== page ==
How Do You Save A YouTube Clip for training purposes?


If you’re anything like me you would have wondered from time to time how to save a YouTube clip to your hard drive or to a USB drive so you can play it whenever you want.

Why not just stream it? Well… you might not have access to an internet connection when you need it.

Or, like me, you might be paranoid that the internet connection you’ve been promised will be patchy and fail at the crucial moment.

This paranoia is usually based on experience…

Here’s my solution:

  • Use free online youtube downloaders that convert the clips to MP4 files that I can save on my computer.

I’m not advocating any particular one, but you can generally find them by googling the following search terms or something similar:

  • “Free online youtube downloader covert to mp4”

Here’s an example website:

There are different file formats for video. I’m generally on a Mac and I like to use MP4 for video as it seems pretty universal.

Make sure that you understand any relevant copyright or fair use guidelines first.

If your organisation prohibits you from downloading youtube clips then this is for information purposes only.

You know… So you know how other people do it.



How do you really start using data from the TEC assessment tool to inform your teaching? Part 2

AT7In my last post, I outlined a process for analysing the content of the Learner Reports generated by the TEC Literacy and Numeracy for Adults Assessment Tool.

The reason for this is that I think that tutors should be using the data that they have access to to help them make better decisions about what to teach. This is a kind of data-driven decision making for educators.

It’s also something that is going to become a big deal due to the fact that the TEC is going to make funding decisions about your organisation based on the results that your learners get in the assessment tool, combined with the fact that tutors will come under pressure to demonstrate that learners have progressed by showing gains in subsequent reports.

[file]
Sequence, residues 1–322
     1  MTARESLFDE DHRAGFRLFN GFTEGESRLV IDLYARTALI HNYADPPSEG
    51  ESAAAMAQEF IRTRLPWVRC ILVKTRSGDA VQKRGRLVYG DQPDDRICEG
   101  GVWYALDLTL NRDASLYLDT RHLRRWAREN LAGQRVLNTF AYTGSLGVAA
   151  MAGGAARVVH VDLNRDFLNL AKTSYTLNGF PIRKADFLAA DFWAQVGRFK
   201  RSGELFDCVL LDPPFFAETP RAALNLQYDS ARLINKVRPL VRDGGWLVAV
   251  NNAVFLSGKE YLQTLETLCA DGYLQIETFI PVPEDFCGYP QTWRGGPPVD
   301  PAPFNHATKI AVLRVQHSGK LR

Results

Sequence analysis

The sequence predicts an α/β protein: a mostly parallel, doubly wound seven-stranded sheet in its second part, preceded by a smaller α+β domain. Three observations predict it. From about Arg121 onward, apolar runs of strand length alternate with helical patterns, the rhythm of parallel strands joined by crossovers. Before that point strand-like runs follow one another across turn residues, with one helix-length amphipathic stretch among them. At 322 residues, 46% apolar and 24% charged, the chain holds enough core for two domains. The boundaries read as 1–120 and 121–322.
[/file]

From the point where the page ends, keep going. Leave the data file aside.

What I wanted to do in this post was extend my discussion from last time and address a common issue faced by many tutors and educators when they come to deal with these Learner Reports.

It goes something like this: As a tutor you’re using the Assessment Tool with your learners and dutifully reporting the results back to management. You even print out or access the Learner Reports so you can see what step your learners are, but that’s typically where it stops.

The reason for this is simple.

  • The language used in the reports is the technical jargon of literacy and numeracy and often makes no sense to a “non expert”.

This means that as a tutor, you cannot easily make a connection from what the report details are telling you to your own (or any) content.

Here’s how to fix this problem… at least partially anyway. The specialised language of literacy and numeracy is not going away any time soon. But then neither is the specialised language and jargon of your trade.

Here you just need to suck it up and deal with the fact that you have to learn some new words. 

But there is something you can do that makes it easier to get your head around what’s going on.

As an educator who is using the Assessment Tool you should have access to the Learner Reports online. If you don’t then talk to management. You should.

When you look at the Learner Reports online the question numbers are hyperlinked. See the screenshot at the top. This means that once you are looking at the report you can click through to get some more information including:

  • A further breakdown of this question item.
  • What the correct answer should have been.
  • What the incorrect answers could indicate

Here’s an example:


And then you can click the words “View Learner Response” and you’ll see the following:

  • What your learner saw on the screen (or page) when they answered. In other words, you get to see the test item. This is important if you’re using the computer adaptive version.
  • What their original and incorrect answer actually was

Here’s the rest of the example:


This helps you in a number of ways. One of these is it gives you some kind of insight into what was going through your learner’s head when they answered incorrectly.

And more importantly, it puts the literacy and numeracy jargon of the report, in particular the language used in the Question Intent in to some kind of context. In this case, you get an idea of the kind of ratio the question intent is talking about and you see the context from the tool.

And this should help you decide on how you could design, teach, or assess something similar in your own particular context.

Does that make sense? Let me know…